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Effects of methylmercury on reproduction in American kestrels

Authors

  • Peter H. Albers,

    Corresponding author
    1. U.S. Geological Survey Patuxent Wildlife Research Center, Beltsville Lab, % Beltsville Agricultural Research Center-East, Building 308, 10300 Baltimore Avenue, Beltsville, Maryland 20705
    • U.S. Geological Survey Patuxent Wildlife Research Center, Beltsville Lab, % Beltsville Agricultural Research Center-East, Building 308, 10300 Baltimore Avenue, Beltsville, Maryland 20705
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  • Michael T. Koterba,

    1. U.S. Geological Survey Maryland Science Center, 8987 Yellow Brick Road, Baltimore, Maryland 21237
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  • Ronald Rossmann,

    1. U.S. Environmental Protection Agency, Office of Research and Development, National Health and Environmental Effects Research Laboratory, Mid-Continent Ecology Division, Large Lakes and Rivers Forecasting Research Branch, Large Lakes Research Station, 9311 Groh Road, Grosse Ile, Michigan 48138
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  • William A. Link,

    1. U.S. Geological Survey Patuxent Wildlife Research Center, Gabrielson Laboratory, 12100 Beech Forest Road, Laurel, Maryland 20708
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  • John B. French,

    1. U.S. Geological Survey Patuxent Wildlife Research Center, Beltsville Lab, % Beltsville Agricultural Research Center-East, Building 308, 10300 Baltimore Avenue, Beltsville, Maryland 20705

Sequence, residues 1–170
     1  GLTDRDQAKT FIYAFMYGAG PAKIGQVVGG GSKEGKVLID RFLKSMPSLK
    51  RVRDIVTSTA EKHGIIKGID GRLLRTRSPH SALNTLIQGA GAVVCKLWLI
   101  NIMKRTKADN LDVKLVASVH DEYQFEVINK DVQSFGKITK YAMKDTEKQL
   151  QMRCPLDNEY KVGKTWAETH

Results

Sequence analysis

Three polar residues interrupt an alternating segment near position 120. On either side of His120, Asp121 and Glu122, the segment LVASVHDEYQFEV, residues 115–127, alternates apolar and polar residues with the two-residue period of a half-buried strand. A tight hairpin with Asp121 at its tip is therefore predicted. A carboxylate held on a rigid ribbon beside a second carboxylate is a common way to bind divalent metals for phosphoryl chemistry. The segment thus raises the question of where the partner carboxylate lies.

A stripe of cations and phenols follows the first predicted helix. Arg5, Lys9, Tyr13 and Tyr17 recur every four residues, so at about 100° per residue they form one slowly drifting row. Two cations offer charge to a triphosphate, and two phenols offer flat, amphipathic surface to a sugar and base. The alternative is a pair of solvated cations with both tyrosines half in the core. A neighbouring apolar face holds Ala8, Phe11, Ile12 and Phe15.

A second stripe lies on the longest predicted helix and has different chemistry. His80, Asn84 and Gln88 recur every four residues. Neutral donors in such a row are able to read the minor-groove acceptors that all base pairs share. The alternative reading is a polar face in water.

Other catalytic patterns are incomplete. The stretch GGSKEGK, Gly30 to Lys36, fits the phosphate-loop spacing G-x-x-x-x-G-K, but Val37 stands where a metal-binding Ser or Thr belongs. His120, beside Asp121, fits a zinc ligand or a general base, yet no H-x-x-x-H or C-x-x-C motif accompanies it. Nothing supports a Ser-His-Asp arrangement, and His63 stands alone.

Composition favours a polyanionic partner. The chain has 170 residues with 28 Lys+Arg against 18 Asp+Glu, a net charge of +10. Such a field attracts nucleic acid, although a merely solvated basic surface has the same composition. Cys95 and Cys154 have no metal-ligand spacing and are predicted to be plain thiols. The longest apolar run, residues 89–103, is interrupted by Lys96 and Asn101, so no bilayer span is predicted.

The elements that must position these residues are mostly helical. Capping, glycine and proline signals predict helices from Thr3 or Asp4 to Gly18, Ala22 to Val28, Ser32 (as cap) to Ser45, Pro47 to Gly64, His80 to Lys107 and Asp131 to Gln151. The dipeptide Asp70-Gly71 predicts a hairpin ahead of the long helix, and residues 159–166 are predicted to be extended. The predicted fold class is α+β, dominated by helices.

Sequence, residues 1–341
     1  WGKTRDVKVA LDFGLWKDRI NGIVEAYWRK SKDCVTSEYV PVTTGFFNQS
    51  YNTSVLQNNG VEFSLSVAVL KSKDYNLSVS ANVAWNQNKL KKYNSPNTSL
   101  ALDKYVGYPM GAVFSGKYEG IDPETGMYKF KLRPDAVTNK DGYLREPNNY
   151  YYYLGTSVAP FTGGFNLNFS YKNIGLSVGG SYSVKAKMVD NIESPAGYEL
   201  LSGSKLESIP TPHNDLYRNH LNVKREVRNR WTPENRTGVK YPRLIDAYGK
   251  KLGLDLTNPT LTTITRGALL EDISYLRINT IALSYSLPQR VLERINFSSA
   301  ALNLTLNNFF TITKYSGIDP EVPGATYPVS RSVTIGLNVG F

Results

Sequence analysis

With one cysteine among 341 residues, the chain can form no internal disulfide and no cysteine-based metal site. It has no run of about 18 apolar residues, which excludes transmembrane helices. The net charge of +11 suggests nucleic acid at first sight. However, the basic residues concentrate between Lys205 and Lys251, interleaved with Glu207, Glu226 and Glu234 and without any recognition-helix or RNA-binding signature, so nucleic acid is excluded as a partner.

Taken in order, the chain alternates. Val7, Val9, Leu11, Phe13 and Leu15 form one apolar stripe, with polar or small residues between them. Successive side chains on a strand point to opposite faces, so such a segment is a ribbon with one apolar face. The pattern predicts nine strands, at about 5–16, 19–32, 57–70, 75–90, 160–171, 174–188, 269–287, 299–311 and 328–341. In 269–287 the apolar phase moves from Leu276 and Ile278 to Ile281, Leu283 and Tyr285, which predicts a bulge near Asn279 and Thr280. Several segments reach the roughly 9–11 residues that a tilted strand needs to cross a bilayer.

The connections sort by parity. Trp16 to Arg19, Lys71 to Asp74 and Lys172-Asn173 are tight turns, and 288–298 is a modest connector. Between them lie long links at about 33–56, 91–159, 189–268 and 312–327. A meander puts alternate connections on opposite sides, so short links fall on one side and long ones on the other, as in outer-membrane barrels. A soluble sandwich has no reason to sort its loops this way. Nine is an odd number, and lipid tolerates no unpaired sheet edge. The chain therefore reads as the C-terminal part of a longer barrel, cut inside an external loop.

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  • Richard S. Bennett,

    1. U.S. Environmental Protection Agency, Office of Research and Development, National Health and Environmental Effects Research Laboratory, Mid-Continent Ecology Division, 6201 Congdon Boulevard, Duluth, Minnesota 55804
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  • Wayne C. Bauer

    1. U.S. Geological Survey Patuxent Wildlife Research Center, Gabrielson Laboratory, 12100 Beech Forest Road, Laurel, Maryland 20708
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Abstract

Sixty breeding pairs of captive American kestrels (Falco sparverius) were exposed to a range of sublethal dietary concentrations of mercury (Hg), in the form of methylmercuric chloride, and their subsequent reproduction was measured. Egg production, incubation performance, and the number and percent of eggs hatched decreased markedly between 3.3 and 4.6 mg/kg dry weight of Hg (1.2 and 1.7 mg/kg wet wt), in the diet. The number of fledglings and the percent of nestlings fledged were reduced markedly at 0.7 mg/kg dry weight (0.3 mg/kg wet wt) and declined further between 2 and 3.3 mg/kg dry weight (0.7 and 1.2 mg/kg wet wt). Dietary concentrations of ⩾4.6 mg/kg dry weight (1.7 mg/kg wet wt) were associated with total fledging failure. The estimated decline in fledged young per pair (24%, Bayesian regression) for kestrels consuming 0.7 mg/kg dry weight (0.3 mg/kg wet wt) raises concerns about population maintenance in areas subject to high inputs of anthropogenic Hg. Mercury concentrations in 20 second-laid eggs collected from all groups were related to dietary concentrations of Hg, and the Hg concentrations in 19 of these eggs were related to eggs laid and young fledged. Concentrations of Hg in eggs from the highest diet group (5.9 mg/kg dry wt; 2.2 mg/kg wet wt) were higher than egg concentrations reported for either wild birds or for captive birds (nonraptors) fed dry commercial food containing 5 mg/kg methylmercury. Accumulation ratios of Hg from diets to eggs were higher than those reported for feeding studies with other species.

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